to continue or change the companys vision and mission, objectives, strategy, and/or strategy execution
methods.
2. As long as the companys strategy continues to pass the three tests of a winning strategy, simply finetuning the strategic plan and continuing with efforts to improve strategy execution are sufficient.
VIII. Corporate Governance: The Role of the Board of Directors in the Strategy-Making,
Strategy-Executing Process
1. Although senior managers have lead responsibility for crafting and executing a companys strategy, it
is the duty of the board of directors to exercise strong oversight and see that the five tasks of strategic
management are done in a manner that benefits shareholders, in the case of investor-owned enterprises,
or stakeholders, in the case of not-for-profit organizations.
2. A companys board of directors has four important obligations to fulfill:
a. Oversee the companys financial accounting and financial reporting practices.
b. Critically appraise the companys direction, strategy, and business approaches.
c. Evaluate the caliber of senior executives strategic leadership skills.
d. Institute a compensation plan for top executives that rewards them for actions and results that serve
shareholder interests.

ILLUSTRATION CAPSULE 2.4

Corporate Governance Failures at Fannie Mae and Freddie Mac


Discussion Question: 1. In what way did the Board of Directors at Fannie Mae and Freddie Mac
contribute to the financial failure faced by both organizations?
Answer: The government appointed boards failed to understand the risks associated with the
sub-prime mortgage loan strategies their respective organizations were pursuing. The audit and
compensation committees at both organizations were ineffective and allowed management to
effectively substantiate their own performance bonuses with internally developed financial reports.
In the case of Freddie Mac, management went so far as to manipulate financial data to improve
bonus pay. The boards of both companies also failed to heed internal and external warnings of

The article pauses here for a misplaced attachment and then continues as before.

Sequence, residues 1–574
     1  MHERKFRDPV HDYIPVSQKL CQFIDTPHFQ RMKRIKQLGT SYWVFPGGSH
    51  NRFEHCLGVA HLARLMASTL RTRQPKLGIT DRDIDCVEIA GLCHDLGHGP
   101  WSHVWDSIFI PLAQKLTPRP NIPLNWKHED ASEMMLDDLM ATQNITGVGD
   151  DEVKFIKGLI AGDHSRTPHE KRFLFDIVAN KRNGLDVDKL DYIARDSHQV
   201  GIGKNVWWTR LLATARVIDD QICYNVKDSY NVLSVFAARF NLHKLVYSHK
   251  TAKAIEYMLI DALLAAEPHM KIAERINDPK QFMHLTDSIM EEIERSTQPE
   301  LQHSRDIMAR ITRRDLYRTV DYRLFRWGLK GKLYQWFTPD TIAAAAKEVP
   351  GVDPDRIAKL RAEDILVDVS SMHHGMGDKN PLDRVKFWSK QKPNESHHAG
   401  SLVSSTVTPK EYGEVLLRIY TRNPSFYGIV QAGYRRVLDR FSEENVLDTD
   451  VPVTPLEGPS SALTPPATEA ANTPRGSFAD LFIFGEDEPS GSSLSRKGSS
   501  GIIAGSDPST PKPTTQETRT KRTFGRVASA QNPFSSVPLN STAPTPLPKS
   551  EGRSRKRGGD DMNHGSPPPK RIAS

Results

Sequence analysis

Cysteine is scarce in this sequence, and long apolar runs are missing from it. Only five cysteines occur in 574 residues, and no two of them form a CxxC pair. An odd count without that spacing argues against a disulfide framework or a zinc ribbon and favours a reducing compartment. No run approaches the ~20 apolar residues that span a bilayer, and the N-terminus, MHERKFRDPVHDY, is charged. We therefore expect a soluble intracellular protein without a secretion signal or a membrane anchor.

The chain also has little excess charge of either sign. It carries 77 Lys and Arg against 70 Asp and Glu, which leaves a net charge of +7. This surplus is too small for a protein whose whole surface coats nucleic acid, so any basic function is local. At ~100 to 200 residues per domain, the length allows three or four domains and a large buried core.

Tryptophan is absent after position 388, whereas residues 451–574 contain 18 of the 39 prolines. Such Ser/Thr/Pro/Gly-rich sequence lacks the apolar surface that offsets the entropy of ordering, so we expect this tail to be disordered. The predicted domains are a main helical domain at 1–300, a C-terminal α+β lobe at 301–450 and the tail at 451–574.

the impending financial crisis which lead to losses for both firms totaling more than $100 billion in
2008.
3. Every corporation should have a strong independent board of directors that:
a. Is well informed about the companys performance.
b. Guides and judges the CEO and other top executives.
c. Has the courage to curb management actions the board believes are inappropriate or unduly risky.
d. Certifies to shareholders that the CEO is doing what the board expects.
e. Provides insight and advice to management.
f. Is intensely involved in debating the pros and cons of key decisions and actions.
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Chapter 2 Charting a Companys Direction: Vision and Mission, Objectives, and Strategy

ASSURANCE OF LEARNING EXERCISES


1. Using the information in Table 2.1, critique the adequacy and merit of the following vision statements, listing
effective elements and shortcomings. Rank the vision statements from best to worst once you complete your
evaluation.

The student should produce a table similar to the following:


Company Name
Amazon
BASF
Mastercard
Hilton Hotels Corporation

Effective Elements
Graphic
Feasible
Easy to communicate
Directional
Focused
Desirable
Desirable
Easy to communicate
Directional
Focused
Feasible
Desirable

Shortcomings
Vague
Not distinctive
Not forward looking



Vague or incomplete
Not distinctive
Not forward-looking
Not distinctive

A suggested ranking of the vision statements from best to worst is: Hilton Hotels Corporation, BASF,
Amazon, MasterCard.

2. Go to the company websites for Intel (http://www.intc.com); Home Depot (http://corporate.homedepot.


com); and Avon (www.avoncompany.com) to find some examples of strategic and financial objectives.
Make a list of four objectives for each company, and indicate which of these are strategic and which are
financial.
Below are examples that students might find:
Intel
1. 2011 10-K Statement, Changing primary focus from the design and manufacture of semiconductor
chips for PCs and servers to the delivery of solutions consisting of hardware and software platforms and
supporting services.
2. 2nd Quarter 2012 Press Release, Increase revenue between 3% to 5% for the year (Financial).
3. 2nd Quarter 2012 Press Release, Rich mix of Intel based Ultrabook, tablet, and phone introductions
(Strategic).
4. 2nd Quarter 2012 Press Release, Long Term investments in product development and manufacturing
(Strategic).
Home Depot
1. 10-K Statement, Exit Home Dcor market segment (Strategic).
2. 10-K Statement, Focus on Do It Yourself, Do It For Me, and Professional Customer market segments
(Strategic).
3. 1st Quarter fiscal 2012 Press Release, Grow sales by 4.6 for the year (Financial).